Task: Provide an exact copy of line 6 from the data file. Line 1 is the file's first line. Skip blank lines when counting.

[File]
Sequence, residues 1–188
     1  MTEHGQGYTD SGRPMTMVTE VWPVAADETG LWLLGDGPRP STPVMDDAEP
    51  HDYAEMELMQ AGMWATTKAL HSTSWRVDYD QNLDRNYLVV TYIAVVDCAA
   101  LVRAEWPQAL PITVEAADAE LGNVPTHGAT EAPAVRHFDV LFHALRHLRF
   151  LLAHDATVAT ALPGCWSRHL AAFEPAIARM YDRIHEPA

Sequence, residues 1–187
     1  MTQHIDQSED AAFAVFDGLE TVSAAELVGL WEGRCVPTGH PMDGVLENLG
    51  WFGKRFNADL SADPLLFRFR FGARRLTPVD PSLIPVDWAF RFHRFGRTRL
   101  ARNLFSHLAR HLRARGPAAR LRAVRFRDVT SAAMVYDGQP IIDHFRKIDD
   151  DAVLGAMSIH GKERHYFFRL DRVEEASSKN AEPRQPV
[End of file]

Sequence, residues 1–187